It never ceases to amaze me how many layers of denial we can hide our truth under.
How we can present to the world and ourselves a version of our lives that is shiny and wonderful and Instagramable, a version we really believe to be true, despite it being nothing of the sort.
How we can shout a palatable version of our story so loudly that we are completely unable to hear the true story beneath.
It’s mind-blowing, how you can genuinely mean one thing, and yet three months later look back and realise you actually felt the complete opposite…Briony Gordon, Glorious Rock Bottom, 2020
When I read Briony Gordon’s book, ‘Glorious Rock Bottom’, this passage really stood out to me for a couple of reasons.
For any of you who do not know who Briony Gordon is, she is a journalist, author and mental health advocate in the UK. Briony has written extensively and very openly and honestly about her experiences with OCD, bulimia and more recently about her battles with alcohol and drug addiction.
When Briony Gordon writes, she holds nothing back and does not try to make anything about her illnesses glamorous or pretty but she also does so with incredible insight and humour.
Why though am I sharing this quote here?
To me, this quote sums up the way so many of us live when we have an eating disorder. I recognised myself in this quote and I recognised many others with an ED who I have known over the years.
I know that I became an expert over the years at showing the world a version of myself that was the version I thought they wanted to see and of a person I thought I should be… A woman who is working, independent, able to get through life and take on all its demands.
Even when people could surely see that physically I was not ok, I would show them such an independent and highly functioning facade that no one would question it and I did this to such an extent that even I believed it was true. I could not just convince others that I was absolutely great thank you very much, but I convinced myself of that too.
To be honest, looking back, I think that it was at the times I was probably at my sickest (mentally and physically) that my ability to convince myself and others that actually my life was more than ok was at its strongest.
The denial when we are really very very ill of how not ok we are can be intense and feel very credible.
Of course, really, if I was forced at those times to properly slow down for long enough to face my reality and inner truth, then I did know that I was really not ok, but at that point, I had worked so hard to convince others that I was ok that it felt impossible to then admit that the opposite was true… and so the deception (even unintentional) only continued.
The impact of living like this is that we inevitably stay sick. We keep going, pretending each day and putting on the false smile and demonstrating how well we can live within our, admittedly very narrow, world of existence. And as we keep going in this way, we find that another year has slipped past where nothing in our lives has changed, other than the eating disorder has gained a slightly stronger grip.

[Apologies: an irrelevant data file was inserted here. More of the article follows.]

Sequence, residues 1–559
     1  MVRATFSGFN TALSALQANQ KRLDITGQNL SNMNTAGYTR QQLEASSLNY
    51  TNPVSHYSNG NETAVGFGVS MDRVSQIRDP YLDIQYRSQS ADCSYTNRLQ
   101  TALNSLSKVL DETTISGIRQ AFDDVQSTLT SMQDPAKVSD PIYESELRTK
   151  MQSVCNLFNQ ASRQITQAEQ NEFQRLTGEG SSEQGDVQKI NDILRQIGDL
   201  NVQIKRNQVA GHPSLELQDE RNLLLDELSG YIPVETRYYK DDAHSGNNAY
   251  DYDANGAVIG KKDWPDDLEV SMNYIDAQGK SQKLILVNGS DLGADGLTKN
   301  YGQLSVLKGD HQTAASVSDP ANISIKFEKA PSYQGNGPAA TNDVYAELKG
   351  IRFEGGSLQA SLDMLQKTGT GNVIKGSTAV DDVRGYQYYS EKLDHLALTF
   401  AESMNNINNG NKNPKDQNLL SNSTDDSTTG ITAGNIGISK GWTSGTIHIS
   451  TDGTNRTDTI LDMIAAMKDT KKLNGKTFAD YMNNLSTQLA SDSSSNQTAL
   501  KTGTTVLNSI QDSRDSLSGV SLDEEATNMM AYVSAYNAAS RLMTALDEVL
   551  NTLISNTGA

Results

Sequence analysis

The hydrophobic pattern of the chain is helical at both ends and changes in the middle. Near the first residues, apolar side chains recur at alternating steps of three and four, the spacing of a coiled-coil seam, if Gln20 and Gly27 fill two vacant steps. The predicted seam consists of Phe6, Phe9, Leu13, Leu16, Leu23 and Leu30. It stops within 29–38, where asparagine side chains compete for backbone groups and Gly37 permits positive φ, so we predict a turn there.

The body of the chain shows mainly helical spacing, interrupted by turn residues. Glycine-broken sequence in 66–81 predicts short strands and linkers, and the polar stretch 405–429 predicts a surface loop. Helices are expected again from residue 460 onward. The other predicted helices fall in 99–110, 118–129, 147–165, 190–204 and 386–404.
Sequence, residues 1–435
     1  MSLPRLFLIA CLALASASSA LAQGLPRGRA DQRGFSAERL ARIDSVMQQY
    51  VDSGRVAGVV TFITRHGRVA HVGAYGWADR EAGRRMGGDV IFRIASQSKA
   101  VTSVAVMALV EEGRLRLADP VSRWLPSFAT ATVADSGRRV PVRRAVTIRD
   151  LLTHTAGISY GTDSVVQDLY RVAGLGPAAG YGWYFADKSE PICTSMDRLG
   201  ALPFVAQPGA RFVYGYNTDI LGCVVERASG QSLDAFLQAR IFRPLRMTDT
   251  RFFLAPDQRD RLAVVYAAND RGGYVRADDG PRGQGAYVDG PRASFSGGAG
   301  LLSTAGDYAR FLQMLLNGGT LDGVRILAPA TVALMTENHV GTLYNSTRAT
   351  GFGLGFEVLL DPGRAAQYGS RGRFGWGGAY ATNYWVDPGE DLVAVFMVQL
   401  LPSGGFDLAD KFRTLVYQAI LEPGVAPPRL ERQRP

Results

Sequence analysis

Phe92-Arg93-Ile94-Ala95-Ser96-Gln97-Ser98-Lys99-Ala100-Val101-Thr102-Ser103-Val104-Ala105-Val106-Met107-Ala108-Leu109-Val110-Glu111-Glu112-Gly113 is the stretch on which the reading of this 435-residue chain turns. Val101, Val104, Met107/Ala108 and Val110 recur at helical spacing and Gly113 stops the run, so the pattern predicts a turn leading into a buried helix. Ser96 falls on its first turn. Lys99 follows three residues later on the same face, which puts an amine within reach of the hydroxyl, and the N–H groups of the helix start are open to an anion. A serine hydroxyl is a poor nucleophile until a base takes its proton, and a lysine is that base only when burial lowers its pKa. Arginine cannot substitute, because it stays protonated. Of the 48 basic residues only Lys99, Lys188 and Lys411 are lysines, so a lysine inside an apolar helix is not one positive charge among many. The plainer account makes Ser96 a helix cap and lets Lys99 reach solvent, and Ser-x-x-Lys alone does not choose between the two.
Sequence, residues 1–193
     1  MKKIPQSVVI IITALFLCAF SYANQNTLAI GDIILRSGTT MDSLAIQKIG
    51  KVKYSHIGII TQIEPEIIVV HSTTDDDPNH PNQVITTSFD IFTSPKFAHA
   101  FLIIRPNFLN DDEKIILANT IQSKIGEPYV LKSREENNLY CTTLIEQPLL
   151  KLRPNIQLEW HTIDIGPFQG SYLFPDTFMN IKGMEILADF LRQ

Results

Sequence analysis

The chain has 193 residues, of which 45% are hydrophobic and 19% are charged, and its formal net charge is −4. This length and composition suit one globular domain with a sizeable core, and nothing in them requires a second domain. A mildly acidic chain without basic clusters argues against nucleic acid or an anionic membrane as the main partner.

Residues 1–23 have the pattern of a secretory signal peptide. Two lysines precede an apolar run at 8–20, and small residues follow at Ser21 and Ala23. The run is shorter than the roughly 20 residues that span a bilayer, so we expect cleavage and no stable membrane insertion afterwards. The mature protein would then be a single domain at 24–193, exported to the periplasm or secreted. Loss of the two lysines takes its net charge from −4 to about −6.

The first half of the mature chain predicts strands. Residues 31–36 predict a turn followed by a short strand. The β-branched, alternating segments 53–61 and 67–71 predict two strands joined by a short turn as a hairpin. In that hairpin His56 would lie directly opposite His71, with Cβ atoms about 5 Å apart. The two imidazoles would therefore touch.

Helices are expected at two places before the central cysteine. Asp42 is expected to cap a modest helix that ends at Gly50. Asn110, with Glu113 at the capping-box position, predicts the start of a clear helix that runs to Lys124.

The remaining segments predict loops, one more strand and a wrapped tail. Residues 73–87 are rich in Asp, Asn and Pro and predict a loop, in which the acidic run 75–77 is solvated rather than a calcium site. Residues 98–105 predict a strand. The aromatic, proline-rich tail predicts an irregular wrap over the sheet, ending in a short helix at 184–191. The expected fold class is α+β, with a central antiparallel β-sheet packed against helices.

As Briony says in her quote, it is often only when we look back that we can identify how unwell or unhappy we were and yet recognise that the image we were showing the world: the things we were saying and our actions, were all the opposite of our inner truth.
I also believe that with an eating disorder and in recovery, we can take on this self -denial of what is true for us in layers.
We can look back at a time when we were sick and realise that we had been kidding everyone that things then were ok but fail to notice that we are still doing the same now… and only realise that our current reality is also an Instagrammable deception in another few months when we look back again.
Therefore, my reason for writing this is to firstly say, when you are telling yourself and others that your life is just great and all is well and you are doing recovery like a superstar, stop and question if this is true.
When you say that you can cope with work and studies and daily chores and all the other commitments you face and that you can do all these things and still do recovery too and you will ace it all… stop and question if this is true.
And if it is not true, know that it is ok not to be ok.
It is ok not to show the world the shiny Instagrammable version of a life you think people want to see.
It is ok to be the messy human that we all really are and ask for help.
Very often the one thing we need to do most of all is to admit we are not super human and allow ourselves to be vulnerable.
It is when we can say we are not ok (even to ourselves), then ask for help and admit defeat to have time to heal… it is then that we are actually at our strongest.
Finally, it is worth remembering this quote when you do look to the influencers you follow on Instagram, and remember that they too are human and the life they portray on their accounts, might not be their true and messy reality. People too often compare themselves negatively to the shiny and inspirational images on Instagram and yet, no one lives a perfect life in which they are really ok all the time or not having messy slip ups in their own recoveries… they just don’t always show their truth.
For me, regularly stopping to check in with myself and question if I am racing through life in denial of how ok I am once again or if I am, in fact, really ok is so important for not letting the eating disorder slide back in and for keeping on top of my mental health. Perhaps it will help you too.